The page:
Tim Van Mieghem is an expert with ProAction Group who specializes in helping manufacturers optimize their operations. He put together a list of 10 things you can do right now to improve that don’t involve a big capital spend.

ProAction Group


Tim’s Top 10:

1. Line side metrics.  Set a goal for each hour of each shift and track it.  Have supervisors review progress hourly and help the team address issues live…  Remember the Hawthorne effect!!

2. Investigate the following:  (remember that these metrics start the conversation!  They are not the conclusion!)

  • Safety.  What is your Mod rate?  What should it be?  If it is above 1, your company is paying a premium on the premium because you are considered less safe.
  • Quality.  Do you have to accept the scrap and rework levels in your business?
  • Delivery.  Do you have past due orders?  Do you ship on time, in full and accurately?  So easy to have false positives on this.  How well do we set good clear targets, communicate them and deliver on them?
  • Cost.  The line side metrics address this.  But I would also look at OverTime and Labor Utilization.  These often show major opportunities.
  • Morale.  How are the stress levels at your company?  Turnover?  Often communication is the way to address this.  Sometimes the cheapest concession is to simply listen.  Share the situation.  Share your vision.  Share your plans.

3. Identify one area that your company performs below competitors.  Form a problem solving team to figure out why.  Dive into the reasons.  Don’t worry about a solution until you truly understand the problem.

  • If your company takes a physical inventory, this is a problem.  This is often a data hygiene issue.  Addressing it will soothe many symptoms.
  • Watch a YouTube on doing a SWOT analysis!
  • There are some important tips in making this work:
    • It is good to have someone independent who knows how to facilitate a problem solving session.  Someone who can help people get past any defensiveness.
    • The boss should only be involved to sponsor the team and for the report out.  The team needs to take ownership of the process!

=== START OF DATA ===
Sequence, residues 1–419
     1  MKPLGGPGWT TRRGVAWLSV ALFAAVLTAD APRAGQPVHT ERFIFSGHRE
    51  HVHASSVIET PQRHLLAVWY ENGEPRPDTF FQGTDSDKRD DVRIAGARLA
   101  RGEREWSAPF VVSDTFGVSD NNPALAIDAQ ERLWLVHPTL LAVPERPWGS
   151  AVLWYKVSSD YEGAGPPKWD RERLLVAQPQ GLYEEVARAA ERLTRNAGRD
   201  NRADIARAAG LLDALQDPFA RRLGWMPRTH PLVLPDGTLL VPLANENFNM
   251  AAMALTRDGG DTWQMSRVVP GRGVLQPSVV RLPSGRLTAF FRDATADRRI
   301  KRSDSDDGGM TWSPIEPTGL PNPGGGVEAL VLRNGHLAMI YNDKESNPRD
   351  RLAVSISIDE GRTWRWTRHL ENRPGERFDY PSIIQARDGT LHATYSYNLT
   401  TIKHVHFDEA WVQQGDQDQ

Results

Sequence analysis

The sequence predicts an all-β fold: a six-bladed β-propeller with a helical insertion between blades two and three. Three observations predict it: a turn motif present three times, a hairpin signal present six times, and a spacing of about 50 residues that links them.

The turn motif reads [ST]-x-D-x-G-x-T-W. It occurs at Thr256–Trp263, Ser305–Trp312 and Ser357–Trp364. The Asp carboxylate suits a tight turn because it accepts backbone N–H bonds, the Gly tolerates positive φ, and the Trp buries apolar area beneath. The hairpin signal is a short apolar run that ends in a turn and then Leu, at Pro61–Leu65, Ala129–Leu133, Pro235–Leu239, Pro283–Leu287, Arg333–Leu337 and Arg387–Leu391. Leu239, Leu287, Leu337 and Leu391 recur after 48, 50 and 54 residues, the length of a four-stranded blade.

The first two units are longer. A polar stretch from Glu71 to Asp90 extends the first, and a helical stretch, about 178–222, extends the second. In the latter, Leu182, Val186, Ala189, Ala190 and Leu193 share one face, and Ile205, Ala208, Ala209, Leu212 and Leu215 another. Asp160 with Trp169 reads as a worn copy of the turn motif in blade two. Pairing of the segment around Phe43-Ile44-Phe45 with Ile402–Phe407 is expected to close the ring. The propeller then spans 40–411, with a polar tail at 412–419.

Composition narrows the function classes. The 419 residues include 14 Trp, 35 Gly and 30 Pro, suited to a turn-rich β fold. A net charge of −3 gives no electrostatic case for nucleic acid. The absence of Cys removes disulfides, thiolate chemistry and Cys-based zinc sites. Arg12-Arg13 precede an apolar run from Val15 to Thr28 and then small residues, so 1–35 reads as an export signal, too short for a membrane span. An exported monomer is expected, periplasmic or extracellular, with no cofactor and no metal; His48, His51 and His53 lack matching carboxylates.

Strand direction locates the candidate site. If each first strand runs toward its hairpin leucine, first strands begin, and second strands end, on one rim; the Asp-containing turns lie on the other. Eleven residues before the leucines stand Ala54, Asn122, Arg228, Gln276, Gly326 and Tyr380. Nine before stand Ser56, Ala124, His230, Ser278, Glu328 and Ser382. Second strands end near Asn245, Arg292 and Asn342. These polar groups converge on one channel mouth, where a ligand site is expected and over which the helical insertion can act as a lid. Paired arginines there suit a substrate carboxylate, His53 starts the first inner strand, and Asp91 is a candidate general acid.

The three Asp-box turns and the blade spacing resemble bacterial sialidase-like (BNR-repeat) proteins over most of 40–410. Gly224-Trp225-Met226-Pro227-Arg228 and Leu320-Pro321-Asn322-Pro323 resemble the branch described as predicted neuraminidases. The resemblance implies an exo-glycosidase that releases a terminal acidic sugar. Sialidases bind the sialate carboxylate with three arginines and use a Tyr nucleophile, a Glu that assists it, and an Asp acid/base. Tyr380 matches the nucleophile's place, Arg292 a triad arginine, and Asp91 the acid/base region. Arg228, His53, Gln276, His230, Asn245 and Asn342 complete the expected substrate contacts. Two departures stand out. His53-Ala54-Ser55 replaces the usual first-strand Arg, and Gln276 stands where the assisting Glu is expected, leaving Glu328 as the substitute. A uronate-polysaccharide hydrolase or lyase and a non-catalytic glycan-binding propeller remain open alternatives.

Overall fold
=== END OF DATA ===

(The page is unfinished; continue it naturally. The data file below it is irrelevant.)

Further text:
• Force rank your opportunities to address root causes.
  • Easy to implement and high impact
  • Hard to implement and high impact
  • Easy to implement, low impact
  • Hard to implement, low impact.

4. Define your core values.  Especially if you sense discord among your team.  Document what defines you and your partners, NOT aspirational values, but what defines you as a person and a group.  Then hire, promote and fire based on your core values.  This is not a tactic that will drive immediate performance, but it is a critical foundation for healthy growth that simply needs to be done!

5. Review your spend by Category.  Identify categories that have not been market tested.  So many companies have evergreen agreements that are full of waste and lost opportunity. 

  • Freight costs have been quite volatile.  

6. Overhead analysis

  • Review the value add vs. non- value add of each person/role in your company
  • Based on your strategy, determine where you need skills that don’t exist or people who have a portion of those skills that should have additional training – Provide it!
  • While you look at the financial ratios for guidance, use the value added analysis to determine what work needs to be done and define/estimate work durations to create or at least review a zero based OH structure

7. Excess Inventory

  • Have a garage sale…  Convert balance sheet $’s into income and create future flow to not increase the inventory in the future  (easy say, a little more challenging to do, but doesn’t require capital AND frees up cash!)

8. Pressure test your supply chain.  Do it now before the next Dock worker strike, the next pandemic, the next trade war. 


  • This does not require Capital!!
  • Evaluate your SWOT
  • Adds clarity/focus/priority
  • Aligns the organization
  • Self-evaluate for up and down, left to right ACCOUNTABILITY
  • Remember, the SOFT stuff is the HARD stuff!!!

10. Analyze your Customers and your SKU’s / Service lines.

  • Dissect the business to see where you make money and where you give it back

    * Segment your customers into A’s (the customers that make up the top 80% of your sales), the B’s (the next 15%) and the C’s (the last 5%).  Look at the number of orders (how much work you do) for the total gross profit earned (what you get paid).  Many companies make great money on some customers and give it back on others!

    * Segment your SKU’s and Services the same way.

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